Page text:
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Sticker price isn’t everything for M&As

Succession planning is complicated for a multitude of reasons, but it’s also like selling a house.

There are various factors that impact your property’s selling potential — an updated kitchen or an outdated bathroom. While understanding the various components that add or decrease resale value of your house is relatively easy, selling an advisory practice is much less obvious.

The process of selling your advisory firm should start well before you plan to retire by understanding how to improve the value of your practice and pay dividends when it’s time to sell. With myriad considerations to evaluate come plenty of misconceptions. Getting to the bottom of what’s important in the sale of RIA is one of the most important things an advisor, as a business owner, should be thinking about.

Here are four tips to consider — and misconceptions to avoid — when selling your practice:

RIA’s are valued at two times gross revenue
As firms mature into larger entities, the emphasis shifts from top line revenue to bottom line EBITDA. That’s because larger firms incur operating costs associated with servicing additional acquired assets. These costs need to be included in the transaction and therefore must be considered when valuing the future free cash flows generated through the acquisition.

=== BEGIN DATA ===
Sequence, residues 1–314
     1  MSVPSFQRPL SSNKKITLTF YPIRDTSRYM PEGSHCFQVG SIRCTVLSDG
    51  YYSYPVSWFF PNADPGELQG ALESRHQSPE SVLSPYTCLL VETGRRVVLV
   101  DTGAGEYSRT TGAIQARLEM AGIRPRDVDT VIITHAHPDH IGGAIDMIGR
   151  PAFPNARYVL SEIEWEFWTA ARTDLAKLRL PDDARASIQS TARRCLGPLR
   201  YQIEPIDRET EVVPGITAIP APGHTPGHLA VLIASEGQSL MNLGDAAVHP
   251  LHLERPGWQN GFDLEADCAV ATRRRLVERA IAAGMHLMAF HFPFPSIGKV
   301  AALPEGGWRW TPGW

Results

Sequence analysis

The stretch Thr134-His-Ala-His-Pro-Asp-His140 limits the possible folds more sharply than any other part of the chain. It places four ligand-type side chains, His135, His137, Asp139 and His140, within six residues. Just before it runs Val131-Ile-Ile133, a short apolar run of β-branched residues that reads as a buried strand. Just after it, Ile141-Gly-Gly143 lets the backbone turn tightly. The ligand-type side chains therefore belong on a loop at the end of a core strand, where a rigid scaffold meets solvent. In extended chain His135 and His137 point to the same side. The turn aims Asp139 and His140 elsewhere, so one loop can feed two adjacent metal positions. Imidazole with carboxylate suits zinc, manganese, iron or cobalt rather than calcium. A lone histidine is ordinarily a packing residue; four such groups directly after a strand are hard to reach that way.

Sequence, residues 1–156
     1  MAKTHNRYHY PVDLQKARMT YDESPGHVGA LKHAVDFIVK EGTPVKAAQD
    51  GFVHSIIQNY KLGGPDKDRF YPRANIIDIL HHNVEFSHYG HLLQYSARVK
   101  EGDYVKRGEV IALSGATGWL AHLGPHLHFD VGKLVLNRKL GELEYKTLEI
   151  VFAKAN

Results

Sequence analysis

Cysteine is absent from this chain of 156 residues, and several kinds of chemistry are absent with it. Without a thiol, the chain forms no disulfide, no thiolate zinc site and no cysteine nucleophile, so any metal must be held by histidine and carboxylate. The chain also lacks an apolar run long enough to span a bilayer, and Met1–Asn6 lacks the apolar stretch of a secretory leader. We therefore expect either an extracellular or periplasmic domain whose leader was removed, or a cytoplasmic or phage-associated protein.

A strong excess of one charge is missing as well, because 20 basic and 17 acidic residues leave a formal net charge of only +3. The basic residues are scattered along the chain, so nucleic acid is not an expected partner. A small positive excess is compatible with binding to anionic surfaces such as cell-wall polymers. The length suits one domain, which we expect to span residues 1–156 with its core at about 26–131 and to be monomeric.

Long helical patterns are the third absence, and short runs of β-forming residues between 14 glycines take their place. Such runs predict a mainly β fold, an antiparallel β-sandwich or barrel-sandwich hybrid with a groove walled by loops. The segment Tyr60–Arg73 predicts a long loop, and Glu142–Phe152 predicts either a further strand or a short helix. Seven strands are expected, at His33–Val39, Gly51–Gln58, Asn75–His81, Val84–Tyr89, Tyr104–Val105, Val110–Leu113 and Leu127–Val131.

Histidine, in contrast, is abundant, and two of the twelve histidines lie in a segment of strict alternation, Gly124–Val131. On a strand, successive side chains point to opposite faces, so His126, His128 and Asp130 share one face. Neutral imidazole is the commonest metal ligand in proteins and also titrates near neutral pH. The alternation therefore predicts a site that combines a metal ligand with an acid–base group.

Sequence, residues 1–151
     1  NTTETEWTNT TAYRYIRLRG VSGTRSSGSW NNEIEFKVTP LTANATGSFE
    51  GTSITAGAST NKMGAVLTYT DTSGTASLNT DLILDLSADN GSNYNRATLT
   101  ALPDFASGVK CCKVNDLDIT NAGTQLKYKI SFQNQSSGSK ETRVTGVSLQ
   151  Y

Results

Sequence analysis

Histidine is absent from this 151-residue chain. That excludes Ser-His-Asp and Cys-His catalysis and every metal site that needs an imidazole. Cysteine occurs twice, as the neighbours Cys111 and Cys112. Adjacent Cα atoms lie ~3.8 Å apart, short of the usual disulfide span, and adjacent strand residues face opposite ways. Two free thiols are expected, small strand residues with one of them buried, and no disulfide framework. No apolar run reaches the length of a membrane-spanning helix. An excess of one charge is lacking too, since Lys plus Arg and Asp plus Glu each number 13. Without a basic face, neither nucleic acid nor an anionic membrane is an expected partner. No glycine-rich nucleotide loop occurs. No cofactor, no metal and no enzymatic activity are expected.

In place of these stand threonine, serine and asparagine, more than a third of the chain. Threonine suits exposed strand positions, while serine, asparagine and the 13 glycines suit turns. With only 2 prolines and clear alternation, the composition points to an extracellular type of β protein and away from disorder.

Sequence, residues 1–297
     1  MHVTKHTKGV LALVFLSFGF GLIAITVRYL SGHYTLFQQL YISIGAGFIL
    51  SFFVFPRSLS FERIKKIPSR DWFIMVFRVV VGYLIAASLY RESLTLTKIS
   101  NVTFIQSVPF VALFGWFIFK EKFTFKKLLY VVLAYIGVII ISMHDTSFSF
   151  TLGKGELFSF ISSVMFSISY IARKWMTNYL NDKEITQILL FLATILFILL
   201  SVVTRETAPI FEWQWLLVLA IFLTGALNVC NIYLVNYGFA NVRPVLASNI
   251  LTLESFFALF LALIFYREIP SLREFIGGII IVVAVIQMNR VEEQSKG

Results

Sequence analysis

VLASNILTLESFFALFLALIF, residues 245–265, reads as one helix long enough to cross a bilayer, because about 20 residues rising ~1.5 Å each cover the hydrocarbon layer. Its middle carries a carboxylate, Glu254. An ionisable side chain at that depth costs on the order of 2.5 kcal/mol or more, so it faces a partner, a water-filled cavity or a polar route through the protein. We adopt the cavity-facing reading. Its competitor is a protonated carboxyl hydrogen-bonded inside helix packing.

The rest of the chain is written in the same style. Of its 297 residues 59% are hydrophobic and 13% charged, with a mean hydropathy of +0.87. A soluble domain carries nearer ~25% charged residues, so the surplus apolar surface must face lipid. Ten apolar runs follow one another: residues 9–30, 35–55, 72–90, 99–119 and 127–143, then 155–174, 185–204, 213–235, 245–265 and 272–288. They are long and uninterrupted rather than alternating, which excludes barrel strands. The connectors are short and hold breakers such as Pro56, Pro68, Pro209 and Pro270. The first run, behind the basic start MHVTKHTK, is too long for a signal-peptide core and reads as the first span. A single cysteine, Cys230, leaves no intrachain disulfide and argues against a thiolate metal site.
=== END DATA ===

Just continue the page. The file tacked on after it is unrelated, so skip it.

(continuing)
The buyer may also be assuming most of the deal risk, making paying a premium for those assets less attractive. A typical risk is an aging client base that is no longer in the accumulation phase and may lead to a declining value of assets. These assets will soon be inherited by children, who have no relationship with their parents’ advisor or firm.

Firms must also recognize potential challenges of different service models and geographic dispersion of clients. The more labor-intensive or geographically spread out the clients are, the more expensive they may be to service. This consideration should be reflected in the valuation as well.

To accurately value your firm, you’ll need to consider your revenue, cash flow, demographics of your book, technology stack and human collateral to name a few. Also be prepared to start the sale process years before you’re ready to exit the business.

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Sticker price isn’t everything
When selling a business, understanding the clear difference between deal value (the sum of the consideration paid for the equity stake plus value of the net debt) and deal structure (ie: sale vs. merger, etc.) is very important:

  • Installment payments: Typically, the longer the installment payment time period is, the more the seller is entitled to and vice versa. The buyer paying more, in total, over a longer payment period is a typical notion when it comes to owing money to the seller.